Florida (District 1): Matt Gaetz

Florida (District 2): Neal Dunn

Florida (District 3): Kat Cammack

Florida (District 4): Aaron Bean

Florida (District 5): John Rutherford

Florida (District 6): Michael Waltz

Florida (District 7): Cory Mills

Florida (District 8): Bill Posey

Florida (District 11): Daniel Webster

Florida (District 12): Gus Bilirakis

Florida (District 13): Anna Paulina Luna

Florida (District 15): Laurel Lee

Florida (District 16): Vern Buchanan

Florida (District 17): Greg Steube

Florida (District 18): Scott Franklin

Florida (District 19): Byron Donalds

Florida (District 21): Brian Mast

Florida (District 26): Mario Diaz-Balart

Florida (District 27): Maria Elvira Salazar

Florida (District 28): Carlos Gimenez

Georgia (District 1): Buddy Carter

Georgia (District 3): Drew Ferguson

Georgia (District 6): Rich McCormick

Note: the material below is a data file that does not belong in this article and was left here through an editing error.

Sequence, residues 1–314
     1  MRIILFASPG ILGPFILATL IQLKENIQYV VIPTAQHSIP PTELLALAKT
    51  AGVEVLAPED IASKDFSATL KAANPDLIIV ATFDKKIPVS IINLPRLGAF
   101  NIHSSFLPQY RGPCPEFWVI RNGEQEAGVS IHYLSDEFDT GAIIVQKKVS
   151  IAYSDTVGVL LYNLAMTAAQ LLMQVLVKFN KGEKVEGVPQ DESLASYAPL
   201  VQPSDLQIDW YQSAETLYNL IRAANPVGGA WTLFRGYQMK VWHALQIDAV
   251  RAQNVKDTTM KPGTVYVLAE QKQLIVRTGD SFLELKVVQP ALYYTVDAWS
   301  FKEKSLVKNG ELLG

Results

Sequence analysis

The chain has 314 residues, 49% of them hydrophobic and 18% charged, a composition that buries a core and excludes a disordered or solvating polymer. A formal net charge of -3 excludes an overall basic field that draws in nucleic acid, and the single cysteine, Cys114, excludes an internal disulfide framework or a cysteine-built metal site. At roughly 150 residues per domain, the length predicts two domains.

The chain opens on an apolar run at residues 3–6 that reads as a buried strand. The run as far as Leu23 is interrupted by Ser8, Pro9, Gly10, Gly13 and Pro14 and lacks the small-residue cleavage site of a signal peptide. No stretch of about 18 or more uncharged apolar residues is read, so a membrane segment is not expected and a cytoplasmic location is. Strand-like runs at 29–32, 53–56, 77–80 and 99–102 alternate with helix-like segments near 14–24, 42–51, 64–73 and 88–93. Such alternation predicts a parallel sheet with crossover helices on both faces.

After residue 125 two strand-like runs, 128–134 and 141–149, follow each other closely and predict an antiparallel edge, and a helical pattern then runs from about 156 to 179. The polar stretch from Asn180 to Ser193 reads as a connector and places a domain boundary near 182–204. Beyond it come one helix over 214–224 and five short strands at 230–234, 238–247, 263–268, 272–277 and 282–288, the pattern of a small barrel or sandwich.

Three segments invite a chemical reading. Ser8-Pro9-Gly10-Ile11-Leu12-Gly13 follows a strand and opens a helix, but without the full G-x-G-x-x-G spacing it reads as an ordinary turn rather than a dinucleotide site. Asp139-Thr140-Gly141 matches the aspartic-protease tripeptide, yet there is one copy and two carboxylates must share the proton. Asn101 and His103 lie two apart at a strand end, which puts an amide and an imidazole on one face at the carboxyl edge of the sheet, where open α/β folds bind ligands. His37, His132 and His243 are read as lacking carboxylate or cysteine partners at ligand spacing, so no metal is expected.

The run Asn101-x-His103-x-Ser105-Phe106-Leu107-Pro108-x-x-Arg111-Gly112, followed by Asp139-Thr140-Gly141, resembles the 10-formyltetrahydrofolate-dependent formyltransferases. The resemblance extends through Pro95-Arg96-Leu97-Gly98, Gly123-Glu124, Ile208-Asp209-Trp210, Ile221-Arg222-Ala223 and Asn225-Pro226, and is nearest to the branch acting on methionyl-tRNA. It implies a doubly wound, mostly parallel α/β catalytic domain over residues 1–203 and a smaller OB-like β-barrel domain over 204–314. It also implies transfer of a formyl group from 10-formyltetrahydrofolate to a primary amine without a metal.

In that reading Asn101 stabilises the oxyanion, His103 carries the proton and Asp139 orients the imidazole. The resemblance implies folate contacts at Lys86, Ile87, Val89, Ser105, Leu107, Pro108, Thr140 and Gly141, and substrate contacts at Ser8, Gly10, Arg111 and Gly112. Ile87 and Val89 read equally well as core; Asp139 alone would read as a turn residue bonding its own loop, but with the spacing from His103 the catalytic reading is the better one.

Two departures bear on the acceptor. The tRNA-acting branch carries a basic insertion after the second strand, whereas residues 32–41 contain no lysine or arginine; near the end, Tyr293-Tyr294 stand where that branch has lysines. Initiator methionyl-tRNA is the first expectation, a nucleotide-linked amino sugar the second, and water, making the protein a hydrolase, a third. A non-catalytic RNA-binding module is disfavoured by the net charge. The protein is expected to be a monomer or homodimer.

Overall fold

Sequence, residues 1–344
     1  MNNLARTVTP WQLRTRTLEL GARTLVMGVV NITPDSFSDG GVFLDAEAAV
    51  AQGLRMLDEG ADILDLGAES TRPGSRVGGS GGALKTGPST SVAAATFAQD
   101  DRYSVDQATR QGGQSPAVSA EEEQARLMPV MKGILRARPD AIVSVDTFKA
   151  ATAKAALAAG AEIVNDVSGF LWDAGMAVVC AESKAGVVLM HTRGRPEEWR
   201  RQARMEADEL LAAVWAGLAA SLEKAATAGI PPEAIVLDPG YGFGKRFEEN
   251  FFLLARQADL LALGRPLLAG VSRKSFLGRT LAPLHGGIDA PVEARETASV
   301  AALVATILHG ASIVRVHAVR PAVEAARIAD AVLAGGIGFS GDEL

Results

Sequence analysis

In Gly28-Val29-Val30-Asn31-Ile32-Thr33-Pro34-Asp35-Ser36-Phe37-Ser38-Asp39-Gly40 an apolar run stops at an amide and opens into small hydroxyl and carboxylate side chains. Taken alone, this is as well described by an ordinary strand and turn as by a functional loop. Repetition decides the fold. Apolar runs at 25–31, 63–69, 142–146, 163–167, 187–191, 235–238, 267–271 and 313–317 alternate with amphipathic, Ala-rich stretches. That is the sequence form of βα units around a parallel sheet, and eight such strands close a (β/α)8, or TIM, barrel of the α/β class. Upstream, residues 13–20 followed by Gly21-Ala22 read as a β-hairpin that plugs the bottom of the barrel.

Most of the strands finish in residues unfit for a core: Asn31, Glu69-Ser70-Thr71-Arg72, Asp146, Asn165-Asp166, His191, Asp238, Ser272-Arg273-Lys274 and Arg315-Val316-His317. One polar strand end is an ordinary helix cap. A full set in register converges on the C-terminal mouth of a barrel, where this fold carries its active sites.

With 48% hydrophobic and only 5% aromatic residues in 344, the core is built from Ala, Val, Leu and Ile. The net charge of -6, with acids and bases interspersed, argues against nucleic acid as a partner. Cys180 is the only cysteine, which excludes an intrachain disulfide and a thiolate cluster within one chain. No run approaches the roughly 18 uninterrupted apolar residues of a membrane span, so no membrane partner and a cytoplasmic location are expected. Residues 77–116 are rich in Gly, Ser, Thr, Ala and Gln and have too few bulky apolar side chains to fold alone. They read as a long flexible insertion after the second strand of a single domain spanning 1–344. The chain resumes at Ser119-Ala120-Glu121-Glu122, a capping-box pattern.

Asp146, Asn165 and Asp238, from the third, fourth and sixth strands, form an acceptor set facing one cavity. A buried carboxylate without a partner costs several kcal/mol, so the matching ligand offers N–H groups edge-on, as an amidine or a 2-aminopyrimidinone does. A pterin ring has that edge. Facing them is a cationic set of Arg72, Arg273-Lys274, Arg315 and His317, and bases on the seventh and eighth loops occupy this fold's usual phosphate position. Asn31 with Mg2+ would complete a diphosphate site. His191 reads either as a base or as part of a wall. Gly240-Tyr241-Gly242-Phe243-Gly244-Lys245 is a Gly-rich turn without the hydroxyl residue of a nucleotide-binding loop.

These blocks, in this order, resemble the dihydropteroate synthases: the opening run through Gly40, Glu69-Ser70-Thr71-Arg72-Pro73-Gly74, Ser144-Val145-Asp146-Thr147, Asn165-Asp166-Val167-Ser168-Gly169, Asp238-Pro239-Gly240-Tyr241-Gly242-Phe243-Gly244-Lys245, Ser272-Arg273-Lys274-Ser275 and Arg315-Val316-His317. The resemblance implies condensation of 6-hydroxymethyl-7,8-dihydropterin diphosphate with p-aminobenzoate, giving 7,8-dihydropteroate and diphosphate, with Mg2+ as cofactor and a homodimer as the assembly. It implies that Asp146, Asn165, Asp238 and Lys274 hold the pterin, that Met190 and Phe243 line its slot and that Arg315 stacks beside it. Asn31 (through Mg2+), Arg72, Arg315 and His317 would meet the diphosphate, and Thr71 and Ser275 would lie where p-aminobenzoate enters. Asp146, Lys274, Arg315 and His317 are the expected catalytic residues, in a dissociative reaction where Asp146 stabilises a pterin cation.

Georgia (District 8): Austin Scott

Georgia (District 9): Andrew Clyde

Georgia (District 10): Mike Collins

Georgia (District 11): Barry Loudermilk

Georgia (District 12): Rick W. Allen

Georgia (District 14): Marjorie Taylor Greene

Idaho (District 1): Russ Fulcher

Idaho (District 2): Mike Simpson

Illinois (District 12): Mike Bost

Illinois (District 15): Mary Miller

Illinois (District 16): Darin LaHood

Indiana (District 2): Jackie Walorski

Indiana (District 3): Jim Banks

Indiana (District 4): Jim Baird

Indiana (District 5): Victoria Spartz (Retiring)

Indiana (District 6): Greg Pence

Indiana (District 8): Larry Bucshon

Indiana (District 9): Trey Hollingsworth

Iowa (District 1): Ashley Hinson

Iowa (District 2): Mariannette Miller-Meeks

Iowa (District 4): Randy Feenstra

Kansas (District 1): Tracey Mann

Kansas: (District 2): Jake LaTurner

Kansas: (District 4): Ron Estes

Kentucky (District 1): James Comer

Kentucky (District 2): Brett Guthrie

Kentucky (District 4): Thomas Massie

Kentucky (District 5): Hal Rogers